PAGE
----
Franco Cordelli wrote: "One wonders why no Italian publisher has translated a text with such evocative power, with so poignant an evocation of so many painful episodes. … But it isn't just the novel that's amazing. So are the director, with his use of red lights, diffused lighting or lighting spread out in a radial pattern on the floor, and his interpretation. Dirk Roofthooft is much more than just an actor. He does not recite, he limits himself to talking, or better, just murmuring, as if, with that hoarse, desolate voice of his, he were saying everything to himself"(Corriere della Sera, December 12, 2010).
Dirk Roofthooft will lead the workshop on and with actors who will be selected for Biennale College - Theatre: having already acted for Jan Fabre, Wim Vandekeybus, Peter Sellars, besides for Cassiers, Roofthooft will try to convey to the participants a variety of ways to work with the text material and with silence, the body, the voice.
A 37-year-old actor and dancer, the founder with Africa Navarro in 2006 of the company El Local, a space dedicated to the encounter between the arts, David Espinosa arrives for the first time in Italy with a singular show: Mi gran obra (My Great Work) [ video ], to which one might add as a subtitle, 'The Theatre at the Time of the Crisis'. There are those who like Tolcachir have done so vis-à-vis a homemade theatre, with Timbre4, and those who, like David Espinosa, with a career as an actor and then as the author of his own shows, have solved the problem with a reversal of perspective. Being without heavy financing, which in any case never guarantees artistic outcome, Espinosa has created a miniature theatre where the audience, which at this point looks like Gulliver with the Lilliputians, enters (obviously in a limited number – in Venice there will be 20 audience members, but with 2 repeated performances per day) to find a stage no bigger than a small table and where it's best to observe the action with binoculars. But despite its small scale, this theatre has literally everything: from scene changes to lighting to scenography to the actors, the performers of an unlikely story. Everything is in "mock-up" version, a model likely to undergo future developments.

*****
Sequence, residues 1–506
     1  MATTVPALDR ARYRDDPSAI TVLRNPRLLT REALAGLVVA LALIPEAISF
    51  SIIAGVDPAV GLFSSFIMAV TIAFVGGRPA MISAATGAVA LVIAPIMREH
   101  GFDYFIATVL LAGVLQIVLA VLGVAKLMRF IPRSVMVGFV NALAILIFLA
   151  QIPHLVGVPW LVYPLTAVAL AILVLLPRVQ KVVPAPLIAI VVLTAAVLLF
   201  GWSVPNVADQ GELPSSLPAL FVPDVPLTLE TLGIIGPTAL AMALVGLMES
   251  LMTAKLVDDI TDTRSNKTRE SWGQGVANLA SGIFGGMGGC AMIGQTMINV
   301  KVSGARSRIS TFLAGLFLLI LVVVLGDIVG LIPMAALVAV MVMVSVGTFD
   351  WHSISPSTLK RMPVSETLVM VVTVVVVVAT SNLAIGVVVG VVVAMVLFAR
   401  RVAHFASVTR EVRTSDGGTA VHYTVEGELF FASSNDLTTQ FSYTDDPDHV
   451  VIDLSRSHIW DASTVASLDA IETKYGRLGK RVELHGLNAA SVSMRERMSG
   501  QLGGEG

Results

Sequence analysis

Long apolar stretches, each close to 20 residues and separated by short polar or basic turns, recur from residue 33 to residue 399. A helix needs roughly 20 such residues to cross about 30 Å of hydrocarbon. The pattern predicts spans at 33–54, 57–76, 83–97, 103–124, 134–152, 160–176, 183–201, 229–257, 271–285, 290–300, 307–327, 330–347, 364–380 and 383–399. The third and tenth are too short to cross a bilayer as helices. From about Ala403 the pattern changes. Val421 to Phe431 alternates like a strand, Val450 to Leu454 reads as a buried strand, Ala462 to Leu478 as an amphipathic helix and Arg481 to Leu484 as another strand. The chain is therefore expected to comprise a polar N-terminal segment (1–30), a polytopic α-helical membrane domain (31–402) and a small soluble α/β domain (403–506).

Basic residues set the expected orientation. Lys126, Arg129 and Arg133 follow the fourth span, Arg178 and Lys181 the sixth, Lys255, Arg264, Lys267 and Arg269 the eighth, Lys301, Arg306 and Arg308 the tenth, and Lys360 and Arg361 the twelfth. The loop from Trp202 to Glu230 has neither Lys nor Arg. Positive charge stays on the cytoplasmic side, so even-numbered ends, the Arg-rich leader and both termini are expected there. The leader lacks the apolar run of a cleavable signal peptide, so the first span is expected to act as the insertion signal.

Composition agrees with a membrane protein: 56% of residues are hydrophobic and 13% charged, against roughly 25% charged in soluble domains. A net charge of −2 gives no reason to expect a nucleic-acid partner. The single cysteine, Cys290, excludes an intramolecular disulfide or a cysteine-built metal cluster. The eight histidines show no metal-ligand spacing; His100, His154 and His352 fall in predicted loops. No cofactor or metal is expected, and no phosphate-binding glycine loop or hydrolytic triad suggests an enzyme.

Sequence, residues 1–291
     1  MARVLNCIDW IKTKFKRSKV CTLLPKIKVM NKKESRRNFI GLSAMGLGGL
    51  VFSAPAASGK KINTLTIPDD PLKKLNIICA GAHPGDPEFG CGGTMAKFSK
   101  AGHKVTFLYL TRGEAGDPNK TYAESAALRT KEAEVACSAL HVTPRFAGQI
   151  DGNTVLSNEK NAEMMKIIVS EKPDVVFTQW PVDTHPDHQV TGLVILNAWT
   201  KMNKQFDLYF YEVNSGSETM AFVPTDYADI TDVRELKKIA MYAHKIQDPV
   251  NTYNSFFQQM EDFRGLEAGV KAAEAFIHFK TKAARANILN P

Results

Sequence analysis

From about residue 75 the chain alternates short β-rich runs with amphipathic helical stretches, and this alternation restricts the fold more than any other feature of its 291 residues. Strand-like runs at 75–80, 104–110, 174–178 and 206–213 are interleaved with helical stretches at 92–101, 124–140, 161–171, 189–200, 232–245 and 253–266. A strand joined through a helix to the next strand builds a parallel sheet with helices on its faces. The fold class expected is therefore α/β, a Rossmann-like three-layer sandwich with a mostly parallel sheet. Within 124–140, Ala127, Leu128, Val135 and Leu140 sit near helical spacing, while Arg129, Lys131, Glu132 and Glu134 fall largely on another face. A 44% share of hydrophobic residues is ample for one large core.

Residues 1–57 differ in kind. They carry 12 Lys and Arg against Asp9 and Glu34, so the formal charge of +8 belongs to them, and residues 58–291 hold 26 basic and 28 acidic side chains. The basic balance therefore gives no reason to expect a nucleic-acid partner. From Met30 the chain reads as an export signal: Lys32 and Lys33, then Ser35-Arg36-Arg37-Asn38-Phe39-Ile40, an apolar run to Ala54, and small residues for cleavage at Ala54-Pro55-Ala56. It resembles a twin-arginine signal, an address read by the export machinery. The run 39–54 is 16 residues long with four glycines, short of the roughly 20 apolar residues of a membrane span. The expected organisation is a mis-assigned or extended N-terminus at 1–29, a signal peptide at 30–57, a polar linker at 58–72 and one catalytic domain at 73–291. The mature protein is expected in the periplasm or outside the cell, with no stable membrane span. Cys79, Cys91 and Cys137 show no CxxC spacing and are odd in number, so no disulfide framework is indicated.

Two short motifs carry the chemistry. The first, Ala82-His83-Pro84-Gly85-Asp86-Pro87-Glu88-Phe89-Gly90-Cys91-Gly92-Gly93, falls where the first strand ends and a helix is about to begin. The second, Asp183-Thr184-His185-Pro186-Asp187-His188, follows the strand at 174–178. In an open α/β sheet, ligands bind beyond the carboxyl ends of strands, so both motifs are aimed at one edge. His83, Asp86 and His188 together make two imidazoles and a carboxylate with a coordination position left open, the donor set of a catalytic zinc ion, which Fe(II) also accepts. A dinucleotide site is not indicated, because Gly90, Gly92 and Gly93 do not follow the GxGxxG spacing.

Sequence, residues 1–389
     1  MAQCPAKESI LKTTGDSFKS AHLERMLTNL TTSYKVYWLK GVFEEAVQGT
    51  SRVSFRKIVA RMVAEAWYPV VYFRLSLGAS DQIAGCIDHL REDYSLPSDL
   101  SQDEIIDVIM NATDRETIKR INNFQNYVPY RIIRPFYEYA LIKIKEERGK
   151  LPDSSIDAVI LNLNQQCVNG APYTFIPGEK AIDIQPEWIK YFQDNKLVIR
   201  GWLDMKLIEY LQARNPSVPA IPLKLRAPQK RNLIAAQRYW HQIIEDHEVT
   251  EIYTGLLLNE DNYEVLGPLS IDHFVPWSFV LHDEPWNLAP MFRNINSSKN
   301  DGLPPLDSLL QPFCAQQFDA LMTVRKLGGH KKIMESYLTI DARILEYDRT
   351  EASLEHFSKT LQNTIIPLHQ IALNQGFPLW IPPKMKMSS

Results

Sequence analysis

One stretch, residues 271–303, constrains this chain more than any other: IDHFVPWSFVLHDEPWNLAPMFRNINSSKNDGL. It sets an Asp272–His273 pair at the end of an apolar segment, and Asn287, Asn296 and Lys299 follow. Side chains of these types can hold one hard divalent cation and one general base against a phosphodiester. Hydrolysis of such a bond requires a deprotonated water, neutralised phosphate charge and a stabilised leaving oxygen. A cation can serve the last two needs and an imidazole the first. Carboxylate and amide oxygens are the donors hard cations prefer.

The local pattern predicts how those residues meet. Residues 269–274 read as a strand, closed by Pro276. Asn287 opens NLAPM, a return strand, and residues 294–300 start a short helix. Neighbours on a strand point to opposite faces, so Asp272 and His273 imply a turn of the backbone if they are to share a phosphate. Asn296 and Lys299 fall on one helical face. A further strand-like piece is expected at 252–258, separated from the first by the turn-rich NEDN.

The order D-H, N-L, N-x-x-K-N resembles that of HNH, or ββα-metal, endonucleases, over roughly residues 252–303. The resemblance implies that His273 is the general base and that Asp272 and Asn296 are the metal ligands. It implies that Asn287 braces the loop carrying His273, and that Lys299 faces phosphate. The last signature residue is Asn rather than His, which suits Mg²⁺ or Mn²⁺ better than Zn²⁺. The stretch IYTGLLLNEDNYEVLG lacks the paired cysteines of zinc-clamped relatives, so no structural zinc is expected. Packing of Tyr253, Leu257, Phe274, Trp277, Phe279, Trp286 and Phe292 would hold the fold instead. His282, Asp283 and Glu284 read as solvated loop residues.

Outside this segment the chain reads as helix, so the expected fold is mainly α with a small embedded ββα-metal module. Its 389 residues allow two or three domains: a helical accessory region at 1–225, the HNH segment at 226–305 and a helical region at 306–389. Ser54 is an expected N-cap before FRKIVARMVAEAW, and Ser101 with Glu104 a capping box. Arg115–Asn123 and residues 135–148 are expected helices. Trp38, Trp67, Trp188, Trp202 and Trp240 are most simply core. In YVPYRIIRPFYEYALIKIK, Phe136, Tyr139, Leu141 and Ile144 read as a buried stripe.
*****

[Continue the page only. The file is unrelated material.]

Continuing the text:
"Mi gran obra is what I would do if I had an unlimited budget, a large theatre, 300 actors on stage, a band, a rock group, pets, cars and helicopters", all of which will really be there on stage. Espinosa ironically recalls Thomas Moore's Utopia, because Mi gran obra is a true utopia. "The uncertainty and the lack of means, explains the creator and director of the performance – has always forced us to be creative in finding solutions, to make of necessity a virtue ... and right in the middle of the harshest crisis, the moment arrived to tackle our most ambitious project. The show was born from the idea of building a large-scale spectacle, one that spared no expense, and in which we set no limits to the artists we could hire, but with one slight detail: the scale. You think big but build small". A provocation? Not only that. With the model used to realize his dream, Espinosa also reflects on the idea of representation, on the relationship with the viewer, on the decontextualization of real objects through scenography, on the questioning of our own idea of art and culture.
The show will be staged from August 3 to 10 in Ca' Giustinian, seat of the Biennale, with repeated performances (hours 12:00 and 3:00 p.m.).
With a view to an increasingly aware public, to enthusiasts and the curious who want to deepen their knowledge, to the poetic world of a director and the passions that inspire him but also to the method that drives him, the 42nd International Theatre Festival has invited the artists on the programme with workshops and performances to attend a series of meetings with the audience. The day following their debut onstage was intentionally chosen, for each of them, in order to allow the public to give concrete feedback on the show.
Inaugurating this series of meetings on August 4, are Wajdi Mouawad (4:00 pm) and Guy Cassiers (5:00 pm); on August 5 it will be the turn of Enrico Casagrande and Daniela Nicolò, from Motus (4:00 pm) and Declan Donnellan with Nick Ormerod (5:00 pm); to follow on August 6, Claudio Tolcachir (5:00 pm); on August 7 Jan Lauwers (5:00 pm); on August 8 Fabrizio Arcuri (4:00 pm) and Krystian Lupa (5:00 pm); on August 9, Angélica Liddell (5:00 pm); on August 10 Marcos Morau (4:00 pm) and Romeo Castellucci (5:00 pm). The cycle will end August 11, the last day of the Festival, with Gabriela Carrizo (5:00 pm) and Thomas Ostermeier (6:00 pm).